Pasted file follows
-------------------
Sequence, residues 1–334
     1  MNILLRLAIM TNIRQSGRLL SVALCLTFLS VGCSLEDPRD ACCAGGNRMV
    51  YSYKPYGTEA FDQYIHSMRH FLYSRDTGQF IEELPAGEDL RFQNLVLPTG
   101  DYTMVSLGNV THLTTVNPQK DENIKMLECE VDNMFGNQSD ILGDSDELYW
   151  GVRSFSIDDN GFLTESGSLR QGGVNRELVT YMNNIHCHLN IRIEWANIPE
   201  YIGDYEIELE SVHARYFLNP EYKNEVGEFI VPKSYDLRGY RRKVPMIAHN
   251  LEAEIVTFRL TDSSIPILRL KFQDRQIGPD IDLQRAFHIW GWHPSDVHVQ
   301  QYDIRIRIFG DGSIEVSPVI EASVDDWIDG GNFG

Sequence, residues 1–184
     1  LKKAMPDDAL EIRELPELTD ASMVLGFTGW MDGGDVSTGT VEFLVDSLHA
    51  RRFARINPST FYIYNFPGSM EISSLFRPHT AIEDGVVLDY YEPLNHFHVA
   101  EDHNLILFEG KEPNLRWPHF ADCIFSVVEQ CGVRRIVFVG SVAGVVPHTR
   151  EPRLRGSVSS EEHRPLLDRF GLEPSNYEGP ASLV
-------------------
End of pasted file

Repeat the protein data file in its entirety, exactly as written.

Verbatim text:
Sequence, residues 1–334
     1  MNILLRLAIM TNIRQSGRLL SVALCLTFLS VGCSLEDPRD ACCAGGNRMV
    51  YSYKPYGTEA FDQYIHSMRH FLYSRDTGQF IEELPAGEDL RFQNLVLPTG
   101  DYTMVSLGNV THLTTVNPQK DENIKMLECE VDNMFGNQSD ILGDSDELYW
   151  GVRSFSIDDN GFLTESGSLR QGGVNRELVT YMNNIHCHLN IRIEWANIPE
   201  YIGDYEIELE SVHARYFLNP EYKNEVGEFI VPKSYDLRGY RRKVPMIAHN
   251  LEAEIVTFRL TDSSIPILRL KFQDRQIGPD IDLQRAFHIW GWHPSDVHVQ
   301  QYDIRIRIFG DGSIEVSPVI EASVDDWIDG GNFG

Sequence, residues 1–184
     1  LKKAMPDDAL EIRELPELTD ASMVLGFTGW MDGGDVSTGT VEFLVDSLHA
    51  RRFARINPST FYIYNFPGSM EISSLFRPHT AIEDGVVLDY YEPLNHFHVA
   101  EDHNLILFEG KEPNLRWPHF ADCIFSVVEQ CGVRRIVFVG SVAGVVPHTR
   151  EPRLRGSVSS EEHRPLLDRF GLEPSNYEGP ASLV